Table of Contents
ISRN Oncology
Volume 2014 (2014), Article ID 461570, 8 pages
Research Article

Clinical Features and Outcome of Sporadic Colorectal Carcinoma in Young Patients: A Cross-Sectional Analysis from a Developing Country

1Department of Oncology, Aga Khan University Hospital, Stadium Road, P.O. Box 3500, Karachi 74800, Pakistan
2Department of Biological and Biomedical Sciences, Aga Khan University Hospital, Stadium Road, P.O. Box 3500, Karachi 74800, Pakistan

Received 7 February 2014; Accepted 12 March 2014; Published 1 April 2014

Academic Editors: W. Habano and S. Holdenrieder

Copyright © 2014 Muhammad Nauman Zahir et al. This is an open access article distributed under the Creative Commons Attribution License, which permits unrestricted use, distribution, and reproduction in any medium, provided the original work is properly cited.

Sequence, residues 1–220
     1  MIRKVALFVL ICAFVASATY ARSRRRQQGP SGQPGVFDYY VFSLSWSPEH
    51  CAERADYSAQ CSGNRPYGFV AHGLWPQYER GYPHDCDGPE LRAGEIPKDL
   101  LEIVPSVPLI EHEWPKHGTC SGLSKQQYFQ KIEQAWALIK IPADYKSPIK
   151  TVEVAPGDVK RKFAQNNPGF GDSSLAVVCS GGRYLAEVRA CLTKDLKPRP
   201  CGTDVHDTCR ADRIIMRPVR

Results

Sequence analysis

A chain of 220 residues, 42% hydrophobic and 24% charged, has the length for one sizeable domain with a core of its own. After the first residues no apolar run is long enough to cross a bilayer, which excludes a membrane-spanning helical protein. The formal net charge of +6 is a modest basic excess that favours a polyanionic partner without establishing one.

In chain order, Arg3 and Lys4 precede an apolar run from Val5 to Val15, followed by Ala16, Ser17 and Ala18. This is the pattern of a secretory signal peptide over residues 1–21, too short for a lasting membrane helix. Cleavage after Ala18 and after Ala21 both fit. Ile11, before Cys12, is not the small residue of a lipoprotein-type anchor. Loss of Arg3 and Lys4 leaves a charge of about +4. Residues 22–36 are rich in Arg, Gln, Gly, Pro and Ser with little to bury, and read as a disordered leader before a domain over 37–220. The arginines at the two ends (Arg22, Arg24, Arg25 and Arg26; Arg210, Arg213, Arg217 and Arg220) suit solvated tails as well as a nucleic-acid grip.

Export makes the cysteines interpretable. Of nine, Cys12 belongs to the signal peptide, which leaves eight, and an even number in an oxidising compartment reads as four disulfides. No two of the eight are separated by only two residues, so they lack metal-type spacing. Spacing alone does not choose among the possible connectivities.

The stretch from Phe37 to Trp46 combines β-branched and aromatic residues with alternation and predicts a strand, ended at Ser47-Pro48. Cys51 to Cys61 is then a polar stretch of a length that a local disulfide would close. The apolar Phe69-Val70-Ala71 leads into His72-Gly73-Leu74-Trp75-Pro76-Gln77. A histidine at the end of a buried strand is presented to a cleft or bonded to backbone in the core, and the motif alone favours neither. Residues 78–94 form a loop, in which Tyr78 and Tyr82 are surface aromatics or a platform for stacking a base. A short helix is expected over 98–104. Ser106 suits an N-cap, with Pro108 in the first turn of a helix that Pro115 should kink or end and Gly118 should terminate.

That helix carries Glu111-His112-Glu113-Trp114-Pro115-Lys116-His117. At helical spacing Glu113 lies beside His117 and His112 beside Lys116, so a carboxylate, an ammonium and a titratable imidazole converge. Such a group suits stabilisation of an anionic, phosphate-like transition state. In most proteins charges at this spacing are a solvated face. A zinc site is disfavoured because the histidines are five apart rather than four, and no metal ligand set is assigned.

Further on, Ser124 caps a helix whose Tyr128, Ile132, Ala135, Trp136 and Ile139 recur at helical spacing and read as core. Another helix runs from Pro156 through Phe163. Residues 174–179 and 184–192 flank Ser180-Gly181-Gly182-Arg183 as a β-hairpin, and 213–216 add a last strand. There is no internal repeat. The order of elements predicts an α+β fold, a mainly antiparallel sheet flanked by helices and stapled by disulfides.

Background. Early onset colorectal carcinoma (CRC) is rare and has been hypothesized to be a biologically and clinically distinct entity personifying aggressive disease and worse survival. Methods. Data for 131 patients was collected by retrospective chart review. Cox proportional hazard model was used to compute prevalence ratios and 95% confidence intervals. Results. Early onset sporadic CRC accounted for 32% of all CRC treated in the specified time period. The mean age was years and the male to female ratio was . Colon and rectal cancers accounted for 55% and 45% of patients, respectively. 96% of rectal carcinoma patients received appropriate therapy as opposed to 65% of colon cancers. On multivariable analysis, appropriate reception of therapy (PR 4.99; 95% CI, 1.21–20.6) and signet ring morphology (PR 2.40; 95% CI, 1.33–4.32) were significantly associated with rectal cancers as opposed to colon cancer. Kaplan-Meier analysis revealed a trend towards inferior survival for rectal carcinoma 2 years after diagnosis. Conclusion.A high prevalence of early onset CRC was noted in the study. A trend towards inferior survival was seen in patients with rectal cancer. This finding raises the possibility of rectal carcinoma being an aggressive subset of young CRC.